A startling report on Monday morning said Montgomery County officials were “aware of a potential second sexual assault complaint in the county” regarding Supreme Court nominee Brett Kavanaugh. That meant a potential fourth accuser for Kavanaugh, after Christine Blasey Ford, Deborah Ramirez, and the still unnamed woman represented by Michael Avenatti.
This article, later updated after officials clarified they hadn’t received a request from a victim to look into any charges, cited anonymous county investigators. It wasn’t the product of a big operation like NBC News or the Washington Post; it came from the Montgomery County Sentinel, a relatively small operation outside of the Beltway run by Brian Karem, who also wrote the article. The Sentinel, which has a staff of about 20 people, has been in operation since 1855 and serves Rockville, not too far from Kavanaugh’s hometown of Chevy Chase.
But you probably don’t know Karem from the Sentinel. In fact, he may be more familiar to you as “that guy who yells quite loudly during the White House press briefings.” Karem rose to notoriety after a particularly fiery exchange with White House press secretary Sarah Sanders last June, where he harangued Sanders for maligning the press corps. Ever since, Karem, who holds a White House “hard pass,” has raised his profile considerably. You could regularly see him on CNN—where he’s inked a contributor deal—or read him weekly in Playboy. But Karem tells Washingtonian that his primary gig is the Sentinel, a paper that cover issues like Kavanaugh’s confirmation alongside articles about the local deer population and high school football.
Karem says widening the lens of a local paper makes sense for his readers. “We have nearly 80,000 government workers in Price George’s and Montgomery counties. Lobbyists, Supreme Court justices, staffers, you name it,” Karem says. “Many times these stories—these sweeping, national joints—are local stories.”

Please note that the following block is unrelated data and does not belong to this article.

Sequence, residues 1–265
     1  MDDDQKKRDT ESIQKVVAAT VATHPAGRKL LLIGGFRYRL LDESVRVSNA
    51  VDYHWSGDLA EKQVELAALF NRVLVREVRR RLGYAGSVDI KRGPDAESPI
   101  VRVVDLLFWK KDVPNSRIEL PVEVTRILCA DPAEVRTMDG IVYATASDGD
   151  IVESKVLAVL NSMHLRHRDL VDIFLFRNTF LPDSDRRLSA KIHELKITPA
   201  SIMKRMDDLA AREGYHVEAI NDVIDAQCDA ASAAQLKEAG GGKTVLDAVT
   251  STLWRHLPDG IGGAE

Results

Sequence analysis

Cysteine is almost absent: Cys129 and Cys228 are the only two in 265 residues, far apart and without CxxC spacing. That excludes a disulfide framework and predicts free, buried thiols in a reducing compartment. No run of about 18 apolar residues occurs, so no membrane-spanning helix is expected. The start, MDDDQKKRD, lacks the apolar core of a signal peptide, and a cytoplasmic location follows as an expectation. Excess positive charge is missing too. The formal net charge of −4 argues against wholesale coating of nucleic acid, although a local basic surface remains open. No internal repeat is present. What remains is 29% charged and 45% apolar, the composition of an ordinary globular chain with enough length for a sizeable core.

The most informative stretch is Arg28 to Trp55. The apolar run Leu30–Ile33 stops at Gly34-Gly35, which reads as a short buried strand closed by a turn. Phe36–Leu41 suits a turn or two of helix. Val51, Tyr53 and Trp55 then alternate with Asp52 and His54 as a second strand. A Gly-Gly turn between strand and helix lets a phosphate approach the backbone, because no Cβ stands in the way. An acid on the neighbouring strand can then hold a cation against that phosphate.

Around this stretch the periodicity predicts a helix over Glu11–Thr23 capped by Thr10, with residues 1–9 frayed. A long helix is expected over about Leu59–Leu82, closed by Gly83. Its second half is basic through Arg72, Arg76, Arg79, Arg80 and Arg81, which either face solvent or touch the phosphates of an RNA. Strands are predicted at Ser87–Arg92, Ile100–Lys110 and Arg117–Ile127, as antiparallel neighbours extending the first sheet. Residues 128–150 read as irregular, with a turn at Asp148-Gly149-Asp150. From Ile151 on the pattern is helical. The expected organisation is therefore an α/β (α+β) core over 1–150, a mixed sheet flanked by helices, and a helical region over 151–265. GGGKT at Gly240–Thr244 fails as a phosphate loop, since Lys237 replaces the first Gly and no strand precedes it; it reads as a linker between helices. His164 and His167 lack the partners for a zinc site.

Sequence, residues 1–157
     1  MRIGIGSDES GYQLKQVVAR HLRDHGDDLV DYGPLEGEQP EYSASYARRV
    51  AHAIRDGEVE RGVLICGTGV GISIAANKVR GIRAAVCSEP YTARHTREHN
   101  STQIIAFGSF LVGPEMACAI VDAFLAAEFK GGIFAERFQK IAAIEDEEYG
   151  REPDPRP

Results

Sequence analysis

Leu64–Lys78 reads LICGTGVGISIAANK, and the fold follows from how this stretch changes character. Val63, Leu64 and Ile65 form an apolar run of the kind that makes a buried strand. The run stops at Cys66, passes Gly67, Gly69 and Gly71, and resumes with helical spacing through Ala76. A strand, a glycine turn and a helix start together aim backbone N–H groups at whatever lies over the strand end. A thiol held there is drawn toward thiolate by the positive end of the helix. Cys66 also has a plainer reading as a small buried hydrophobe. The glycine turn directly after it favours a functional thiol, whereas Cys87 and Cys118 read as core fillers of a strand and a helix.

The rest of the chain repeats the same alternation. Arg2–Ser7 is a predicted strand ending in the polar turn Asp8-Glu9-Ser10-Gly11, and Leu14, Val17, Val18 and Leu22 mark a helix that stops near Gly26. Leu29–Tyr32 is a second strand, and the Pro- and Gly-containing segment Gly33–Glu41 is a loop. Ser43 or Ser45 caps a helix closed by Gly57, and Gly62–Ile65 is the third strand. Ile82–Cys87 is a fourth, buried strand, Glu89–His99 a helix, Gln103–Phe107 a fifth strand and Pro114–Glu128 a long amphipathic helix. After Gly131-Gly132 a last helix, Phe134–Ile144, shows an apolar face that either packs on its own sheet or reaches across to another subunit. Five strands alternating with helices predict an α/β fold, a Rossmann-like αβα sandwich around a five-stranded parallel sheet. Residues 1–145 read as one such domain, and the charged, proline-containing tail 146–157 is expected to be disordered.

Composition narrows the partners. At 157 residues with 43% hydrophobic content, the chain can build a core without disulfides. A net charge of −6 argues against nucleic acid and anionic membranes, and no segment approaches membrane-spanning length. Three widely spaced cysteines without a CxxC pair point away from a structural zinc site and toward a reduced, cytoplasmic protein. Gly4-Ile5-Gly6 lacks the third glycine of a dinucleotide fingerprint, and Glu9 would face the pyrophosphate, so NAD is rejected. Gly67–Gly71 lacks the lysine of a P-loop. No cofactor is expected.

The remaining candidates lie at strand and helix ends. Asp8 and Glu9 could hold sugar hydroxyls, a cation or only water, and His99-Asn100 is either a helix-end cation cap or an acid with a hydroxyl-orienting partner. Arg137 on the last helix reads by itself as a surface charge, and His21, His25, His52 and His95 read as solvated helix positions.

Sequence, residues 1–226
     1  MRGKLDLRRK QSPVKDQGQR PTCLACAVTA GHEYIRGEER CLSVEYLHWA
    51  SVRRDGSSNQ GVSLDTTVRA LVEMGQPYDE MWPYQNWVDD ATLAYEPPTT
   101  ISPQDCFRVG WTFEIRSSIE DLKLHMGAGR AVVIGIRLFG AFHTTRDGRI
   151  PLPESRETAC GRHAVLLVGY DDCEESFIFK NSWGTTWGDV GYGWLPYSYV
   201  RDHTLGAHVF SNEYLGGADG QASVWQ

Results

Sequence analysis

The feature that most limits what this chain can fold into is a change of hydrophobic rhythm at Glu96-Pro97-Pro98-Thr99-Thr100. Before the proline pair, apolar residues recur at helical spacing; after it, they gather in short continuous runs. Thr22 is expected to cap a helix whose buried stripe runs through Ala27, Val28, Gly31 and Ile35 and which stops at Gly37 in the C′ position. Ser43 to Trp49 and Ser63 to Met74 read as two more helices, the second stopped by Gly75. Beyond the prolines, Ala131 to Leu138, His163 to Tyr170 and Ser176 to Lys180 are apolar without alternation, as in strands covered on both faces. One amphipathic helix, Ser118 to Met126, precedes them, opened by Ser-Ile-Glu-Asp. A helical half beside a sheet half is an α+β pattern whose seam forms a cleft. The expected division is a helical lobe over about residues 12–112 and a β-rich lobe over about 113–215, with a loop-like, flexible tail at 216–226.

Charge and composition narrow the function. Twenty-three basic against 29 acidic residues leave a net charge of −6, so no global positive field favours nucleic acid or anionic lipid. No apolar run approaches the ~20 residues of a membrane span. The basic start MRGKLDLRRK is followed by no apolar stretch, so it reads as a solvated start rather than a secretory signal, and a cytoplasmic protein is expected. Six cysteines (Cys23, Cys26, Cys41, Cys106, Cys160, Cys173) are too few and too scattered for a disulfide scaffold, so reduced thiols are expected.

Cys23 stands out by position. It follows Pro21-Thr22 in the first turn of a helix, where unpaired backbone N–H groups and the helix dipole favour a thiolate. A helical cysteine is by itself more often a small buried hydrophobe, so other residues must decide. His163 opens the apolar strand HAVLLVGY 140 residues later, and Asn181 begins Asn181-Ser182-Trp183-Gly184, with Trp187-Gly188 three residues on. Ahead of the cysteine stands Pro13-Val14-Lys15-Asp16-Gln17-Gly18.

Karem is well-situated to cover both. The former true-crime author ping-ponged around television and political reporting for decades, with stops at America’s Most Wanted and People magazine. But in the late ’90s, his eldest son got into Georgetown Prep, the same high school attended by Kavanaugh and Supreme Court Justice Neil Gorsuch. Karem received what he calls a “hefty tuition bill” and realized he needed to get another job to help defray costs. He accepted a role at the Sentinel and became its executive editor nearly 12 years ago, aiding in day-to-day journalism, assigning staff, and covering 1600 Pennsylvania all at once.
Karem is one of a few local Washington reporters who has hard pass access to the press briefing room. Despite his frequent back-and-forths with Sanders, Karem’s clearance doesn’t seem to be going anywhere. (Though, he says laughing, “we all know how much [the White House] loves me in there.”) He argues that thanks in part to his White House perch, the Sentinel provides a unique service to its readers: “The community newspaper is one of the last bastions of news, where I as an editor can both report important stories and mentor young journalists. We write clips where Mom and Dad can clip and paste to the fridge on one page, and report on pressing national matters on the other. Both inform each other.”
He also reminds journalists not to let the size of their outlet limit their ambitions.
“I just think if you’re a reporter in Washington, no matter your outfit, you need to be working all of your angles and sources. Really getting out there. Remember what Tip O’Neill said: All politics is local.”